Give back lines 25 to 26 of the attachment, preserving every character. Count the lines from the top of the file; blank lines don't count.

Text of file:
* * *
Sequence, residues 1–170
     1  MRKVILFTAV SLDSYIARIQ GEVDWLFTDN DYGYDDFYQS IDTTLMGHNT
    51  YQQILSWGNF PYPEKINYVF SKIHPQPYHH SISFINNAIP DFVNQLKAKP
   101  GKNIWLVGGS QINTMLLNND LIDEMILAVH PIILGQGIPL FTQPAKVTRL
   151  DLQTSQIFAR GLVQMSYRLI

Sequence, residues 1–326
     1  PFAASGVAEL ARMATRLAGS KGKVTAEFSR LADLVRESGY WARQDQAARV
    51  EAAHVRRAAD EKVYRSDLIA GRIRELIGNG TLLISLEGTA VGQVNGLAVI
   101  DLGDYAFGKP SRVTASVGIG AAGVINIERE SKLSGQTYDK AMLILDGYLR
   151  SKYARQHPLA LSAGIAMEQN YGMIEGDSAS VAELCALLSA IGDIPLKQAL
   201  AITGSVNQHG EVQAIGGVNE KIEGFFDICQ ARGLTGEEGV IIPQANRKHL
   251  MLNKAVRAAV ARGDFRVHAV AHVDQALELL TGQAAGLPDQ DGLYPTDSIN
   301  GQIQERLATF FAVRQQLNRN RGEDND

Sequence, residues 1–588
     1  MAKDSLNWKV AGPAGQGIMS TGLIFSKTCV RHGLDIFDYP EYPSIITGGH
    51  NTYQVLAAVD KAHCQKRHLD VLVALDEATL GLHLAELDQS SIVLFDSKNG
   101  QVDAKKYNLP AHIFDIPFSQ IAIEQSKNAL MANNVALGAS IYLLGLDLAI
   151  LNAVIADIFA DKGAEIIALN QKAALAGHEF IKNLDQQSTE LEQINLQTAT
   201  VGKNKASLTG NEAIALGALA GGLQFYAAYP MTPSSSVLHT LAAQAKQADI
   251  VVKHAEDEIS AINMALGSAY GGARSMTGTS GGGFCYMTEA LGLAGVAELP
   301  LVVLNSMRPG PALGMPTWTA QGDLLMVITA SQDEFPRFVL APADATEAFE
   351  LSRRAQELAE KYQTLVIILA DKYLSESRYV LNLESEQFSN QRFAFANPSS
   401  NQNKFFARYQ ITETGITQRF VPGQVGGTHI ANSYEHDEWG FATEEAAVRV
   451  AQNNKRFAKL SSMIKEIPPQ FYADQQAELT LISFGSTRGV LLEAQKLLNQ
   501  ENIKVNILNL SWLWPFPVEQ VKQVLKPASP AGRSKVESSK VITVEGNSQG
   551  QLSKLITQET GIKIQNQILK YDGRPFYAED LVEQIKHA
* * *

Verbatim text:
   501  ENIKVNILNL SWLWPFPVEQ VKQVLKPASP AGRSKVESSK VITVEGNSQG
   551  QLSKLITQET GIKIQNQILK YDGRPFYAED LVEQIKHA